There are times when I sit through a show and count the minutes until I can leave. And then there are times when I sit though a show and am overwhelmed with gratitude for this temple we call the theatre. Porgy and Bess is one of the latter.
First of all, no, I never saw the opera. And apparently neither did anyone else who is reviewing this show, but they are very familiar with a certain English recording. I’m not. I do know that this team cut two hours from the running time, and I don’t have a clue as to what was eliminated. I have a vague memory of the movie with Sidney Poitier, Dorothy Dandridge, Brock Peters and Sammy Davis, Jr. I don’t know that I really got the deal about this story then. With this production, however, I surely feel as though I did.
The major thrilling element – second to the score of course – is that everyone on Catfish Row is a fully realized character. The minor as well as the major characters, including the characters with no lines, each claim their right to occupy space in this community. This makes the story stand bold, wise, sad and iconic. This is a community of laborers in Charleston in the 1930’s. These people have created a community with a protective layer over itself. They may earn money in the white world, but they do not interact with it unless they have no alternative. Sickness is taken care of with herbs and prayers. Food is their own, grown or caught. Murder is a little more complicated. Murder means white people will be knocking on someone’s door. Better it not be yours.
What happens to Porgy and Bess does not happen in a vacuum. What happens to them happens to all of Catfish Row.
Bess (Audra McDonald) is the local loose woman. Not only are her morals a mess, so is she. She is weak and wanting. She has an addictive nature that will grab onto whatever or whoever is nearest: men, drink or that special white powder that Sporting Life (David Alan Grier) is always at the ready. Her current man is Crown (Phillip Boykin) who is also a low life and whose general ill will knows no limits. When Crown deserts Bess and the community turns its back on her, it is Porgy (Norm Lewis), the local nice guy with a deformed leg (minus the goat cart) who takes her in. Porgy’s is Crown’s opposite. His heart is enormous and his faith in people and the goodness in life is unwavering.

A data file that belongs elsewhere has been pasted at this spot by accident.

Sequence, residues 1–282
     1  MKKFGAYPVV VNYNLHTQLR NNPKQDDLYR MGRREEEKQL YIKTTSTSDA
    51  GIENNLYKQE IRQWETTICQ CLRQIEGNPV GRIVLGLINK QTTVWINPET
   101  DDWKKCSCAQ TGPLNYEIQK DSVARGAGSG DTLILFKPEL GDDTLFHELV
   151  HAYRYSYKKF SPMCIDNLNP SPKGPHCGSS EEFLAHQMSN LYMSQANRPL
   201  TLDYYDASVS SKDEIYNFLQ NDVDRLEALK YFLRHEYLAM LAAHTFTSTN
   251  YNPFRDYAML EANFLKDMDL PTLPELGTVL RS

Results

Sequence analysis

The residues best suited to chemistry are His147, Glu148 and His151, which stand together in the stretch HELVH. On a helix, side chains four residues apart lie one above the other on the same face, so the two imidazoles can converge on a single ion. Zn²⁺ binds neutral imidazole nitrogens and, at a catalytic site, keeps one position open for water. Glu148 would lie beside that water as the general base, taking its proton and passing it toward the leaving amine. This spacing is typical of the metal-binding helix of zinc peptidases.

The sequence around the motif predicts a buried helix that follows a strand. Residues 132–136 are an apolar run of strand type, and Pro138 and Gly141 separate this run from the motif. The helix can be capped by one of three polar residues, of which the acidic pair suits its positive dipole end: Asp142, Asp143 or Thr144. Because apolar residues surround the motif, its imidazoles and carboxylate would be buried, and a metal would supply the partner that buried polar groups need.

Bess is caught like a fly in a web strung between these two men and given an occasional nudge by Sporting Life. As goes Bess, so goes Catfish Row. The upheavals are epic - birth and death, misery and celebration, fear and faith. Because we have gotten to know all of these people, we ride the rollercoaster with them.
In the end, the constant is Porgy who has nothing but himself and his hope. Like his friends, he understands that the journey through life is ultimately a solitary one. People can shelter you and care for you, or they can neglect or ignore you, but they cannot live for you. As the story concludes, Porgy sets off on an impossible journey. He tosses a sack over his shoulder and in it he has somehow packed your heart.
How this story reaches out and snatches you close I do not know. The exquisite discovery of love between Porgy and Bess is almost too private to watch. The danger that slides in with each step Sporting Life takes is unnerving. The hurricane that then overtakes theses people; the white men who threaten them; the deaths smashing up against the shores of happiness - all rolls out like an extraordinary pageant into which you are more than invited.
This is an intimate story that offers itself to you, and you would do well to accept the invitation. Bravo Big Time.
"Yet even theatergoers unfamiliar with “Porgy and Bess” may sense a thinness in the music. The big spiritual choral numbers should storm the gates of heaven; here they sound pretty but defeated and earthbound, like angels shorn of their wings."
Ben Brantley for NY Times
"A CliffsNotes edition that is gorgeously sung but conceptually conflicted."
Joe Dziemianowicz for NY Daily News
"Those expecting a bang will have to do with a whimper."
Elisabeth Vincentelli for New York Post
"It has been cheapened as never before."
Erik Haagensen for Back Stage
"If your interest is hearing the show's rich score passionately performed, you'll be well rewarded."
Robert Feldberg for The Record
"Still breaks your heart and lifts your soul."
David Coates for Time Out NY
"Porgy and Bess” lands on Broadway only once in a generation and this able production is well worth hearing."
Michael Sommers for Newsroom Jersey
"Accessible, ripely theatrical and emotionally full-bodied."
David Rooney for The Hollywood Reporter
"This new Broadway version is a re-envisioned and streamlined version of the 1935 folk opera with smudgy fingerprints affixed; McDonald and Lewis make it reasonably entertaining, but this "Porgy Lite" is not nearly as electrifying as the real thing."
Steven Suskin for Variety
External links to full reviews from popular press...